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Pollinators are facing increasing threats to their existence.
As 80% of pollination worldwide comes from honeybees, the health of our food system and thereby our communities, relies on their survival. From climate change and habitat loss to the use of pesticides like neonicotinoids, it’s crucial we all recognize the impact, negative or positive, that we can have on the vitality of honeybees and their colonies.
Numerous crops like apples, cranberries, melons, broccoli and almonds would cease to exist without the hard-working bees’ contribution to our food system.
We’re buzzing with pride that our Manuka is Glyphosate Residue Free Certified! Check out our blog for full details!Learn More
What is CCD?
Since 2006, beekeepers around the world have been reporting losses of 30-90% of their honeybee colonies. Researchers have named this mysterious phenomenon Colony Collapse Disorder (CCD). Though the exact cause of CCD is still under investigation, many researchers believe that the widespread use of insecticides, ecosystem destruction through both human and natural interactions, and climate change can all be considered attributable forces to the loss of honeybee colonies.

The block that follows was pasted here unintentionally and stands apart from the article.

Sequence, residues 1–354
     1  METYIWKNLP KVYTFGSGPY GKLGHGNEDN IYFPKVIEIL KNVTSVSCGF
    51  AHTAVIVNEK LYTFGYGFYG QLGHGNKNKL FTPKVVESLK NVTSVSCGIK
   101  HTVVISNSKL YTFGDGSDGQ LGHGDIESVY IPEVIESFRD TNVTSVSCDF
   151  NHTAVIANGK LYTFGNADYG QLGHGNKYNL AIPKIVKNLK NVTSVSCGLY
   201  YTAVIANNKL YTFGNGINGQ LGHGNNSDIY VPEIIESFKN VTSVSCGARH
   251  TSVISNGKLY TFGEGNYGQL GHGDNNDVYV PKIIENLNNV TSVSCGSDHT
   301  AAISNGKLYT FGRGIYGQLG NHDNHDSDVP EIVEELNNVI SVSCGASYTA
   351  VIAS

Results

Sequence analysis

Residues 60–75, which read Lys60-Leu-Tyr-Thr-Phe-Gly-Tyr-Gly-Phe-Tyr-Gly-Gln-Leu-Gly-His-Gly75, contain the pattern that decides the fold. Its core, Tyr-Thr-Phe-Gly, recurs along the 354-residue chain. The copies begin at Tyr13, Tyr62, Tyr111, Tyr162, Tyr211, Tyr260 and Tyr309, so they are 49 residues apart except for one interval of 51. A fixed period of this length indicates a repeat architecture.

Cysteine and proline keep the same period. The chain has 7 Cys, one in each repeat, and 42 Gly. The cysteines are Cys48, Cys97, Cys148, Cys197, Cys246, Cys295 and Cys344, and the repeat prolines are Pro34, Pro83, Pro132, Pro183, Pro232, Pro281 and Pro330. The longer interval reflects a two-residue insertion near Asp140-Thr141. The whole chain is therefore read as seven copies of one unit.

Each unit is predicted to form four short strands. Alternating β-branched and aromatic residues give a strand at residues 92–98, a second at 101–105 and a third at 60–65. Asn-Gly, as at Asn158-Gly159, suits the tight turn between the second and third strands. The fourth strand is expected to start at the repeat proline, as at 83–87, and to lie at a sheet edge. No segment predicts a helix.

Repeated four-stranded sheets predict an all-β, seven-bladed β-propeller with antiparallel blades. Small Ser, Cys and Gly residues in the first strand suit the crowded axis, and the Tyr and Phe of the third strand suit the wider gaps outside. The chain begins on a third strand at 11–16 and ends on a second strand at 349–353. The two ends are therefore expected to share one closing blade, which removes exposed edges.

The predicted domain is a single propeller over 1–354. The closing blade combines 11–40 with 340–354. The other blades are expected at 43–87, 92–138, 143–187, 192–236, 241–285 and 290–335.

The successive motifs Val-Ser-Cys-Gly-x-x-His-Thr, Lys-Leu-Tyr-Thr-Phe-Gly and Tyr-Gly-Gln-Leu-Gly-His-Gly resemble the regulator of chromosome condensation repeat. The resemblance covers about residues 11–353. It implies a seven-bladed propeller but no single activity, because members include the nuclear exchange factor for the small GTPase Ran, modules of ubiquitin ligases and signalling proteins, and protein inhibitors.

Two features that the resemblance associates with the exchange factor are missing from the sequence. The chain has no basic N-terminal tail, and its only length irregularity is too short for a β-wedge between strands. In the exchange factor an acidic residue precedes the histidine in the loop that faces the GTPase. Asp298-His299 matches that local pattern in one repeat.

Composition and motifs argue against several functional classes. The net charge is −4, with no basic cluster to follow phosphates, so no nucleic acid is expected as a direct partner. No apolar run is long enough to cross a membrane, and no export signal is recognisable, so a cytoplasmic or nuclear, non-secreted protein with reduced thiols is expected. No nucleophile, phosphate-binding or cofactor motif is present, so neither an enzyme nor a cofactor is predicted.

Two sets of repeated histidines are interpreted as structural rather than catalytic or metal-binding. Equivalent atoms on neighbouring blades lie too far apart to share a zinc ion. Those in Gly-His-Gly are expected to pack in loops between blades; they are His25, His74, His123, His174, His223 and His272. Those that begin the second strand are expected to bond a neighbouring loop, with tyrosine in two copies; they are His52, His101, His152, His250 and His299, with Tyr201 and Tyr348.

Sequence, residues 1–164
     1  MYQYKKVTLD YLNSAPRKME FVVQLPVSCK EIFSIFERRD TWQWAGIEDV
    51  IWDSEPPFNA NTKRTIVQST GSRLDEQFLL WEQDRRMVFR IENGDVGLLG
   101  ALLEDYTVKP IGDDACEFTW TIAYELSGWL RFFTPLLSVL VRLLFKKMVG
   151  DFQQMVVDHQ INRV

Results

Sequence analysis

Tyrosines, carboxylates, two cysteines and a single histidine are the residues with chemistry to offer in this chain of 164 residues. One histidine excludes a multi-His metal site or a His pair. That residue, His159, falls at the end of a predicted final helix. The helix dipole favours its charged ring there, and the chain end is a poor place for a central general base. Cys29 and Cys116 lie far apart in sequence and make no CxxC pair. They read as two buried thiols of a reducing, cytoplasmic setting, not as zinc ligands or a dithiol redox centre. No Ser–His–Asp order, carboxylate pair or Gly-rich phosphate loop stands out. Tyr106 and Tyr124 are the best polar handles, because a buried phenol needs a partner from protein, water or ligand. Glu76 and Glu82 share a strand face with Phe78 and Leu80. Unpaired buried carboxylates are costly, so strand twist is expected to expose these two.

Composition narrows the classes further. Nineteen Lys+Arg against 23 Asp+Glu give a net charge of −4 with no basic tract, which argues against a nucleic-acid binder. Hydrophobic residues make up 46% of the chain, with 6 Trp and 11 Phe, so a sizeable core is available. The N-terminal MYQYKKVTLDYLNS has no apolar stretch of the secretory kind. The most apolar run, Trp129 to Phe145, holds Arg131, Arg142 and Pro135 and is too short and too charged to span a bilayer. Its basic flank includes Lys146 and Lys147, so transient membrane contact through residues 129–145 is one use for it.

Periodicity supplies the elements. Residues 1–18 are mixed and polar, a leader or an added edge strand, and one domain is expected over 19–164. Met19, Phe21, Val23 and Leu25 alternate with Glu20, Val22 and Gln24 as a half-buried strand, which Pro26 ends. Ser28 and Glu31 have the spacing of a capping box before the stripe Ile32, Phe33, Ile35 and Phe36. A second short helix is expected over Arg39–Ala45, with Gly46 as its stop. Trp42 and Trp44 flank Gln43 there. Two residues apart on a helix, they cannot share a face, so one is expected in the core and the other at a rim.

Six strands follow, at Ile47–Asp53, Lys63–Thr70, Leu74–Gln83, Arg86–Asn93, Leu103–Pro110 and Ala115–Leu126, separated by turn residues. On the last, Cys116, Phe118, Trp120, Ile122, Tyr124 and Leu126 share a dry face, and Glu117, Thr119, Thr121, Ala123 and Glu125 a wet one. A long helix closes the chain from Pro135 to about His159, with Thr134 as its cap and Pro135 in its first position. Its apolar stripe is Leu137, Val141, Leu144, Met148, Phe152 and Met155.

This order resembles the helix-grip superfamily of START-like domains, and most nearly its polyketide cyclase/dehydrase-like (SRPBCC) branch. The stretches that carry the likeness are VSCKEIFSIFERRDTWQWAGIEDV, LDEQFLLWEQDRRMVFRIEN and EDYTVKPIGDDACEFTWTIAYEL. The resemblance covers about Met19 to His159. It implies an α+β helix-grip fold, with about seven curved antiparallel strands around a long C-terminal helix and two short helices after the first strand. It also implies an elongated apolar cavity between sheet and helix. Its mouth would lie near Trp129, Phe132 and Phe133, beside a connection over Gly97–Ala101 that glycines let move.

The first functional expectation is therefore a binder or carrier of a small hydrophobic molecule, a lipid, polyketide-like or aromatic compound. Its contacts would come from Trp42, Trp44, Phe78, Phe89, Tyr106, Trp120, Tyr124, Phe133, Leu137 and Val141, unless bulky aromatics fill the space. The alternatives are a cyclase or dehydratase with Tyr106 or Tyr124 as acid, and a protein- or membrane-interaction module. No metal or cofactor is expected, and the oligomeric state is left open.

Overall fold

How Can I Help?
Banning pesticides and chemicals from your garden creates an environment in which pollinators can thrive.
Just like humans, bees love diversity in their diet! Try to plant a varied selection of plants to supply pollinators with an abundance of pollen and nectar.
Along with a native plant species, plant an herb garden with anything in the mint family, including perennial sages, and allow them to flower and attract native bee species.
Make sure to avoid hybrid plant varieties as they often do not produce as much nectar or pollen as heirloom varieties.
Create habitats for wild bees if you have the space – leave branches, bare ground, and natural shelters for bees rather than landscaped and manicured lawns.
Choose Non-GMO and organic products whenever possible to support those who are also doing their part to help save the bees!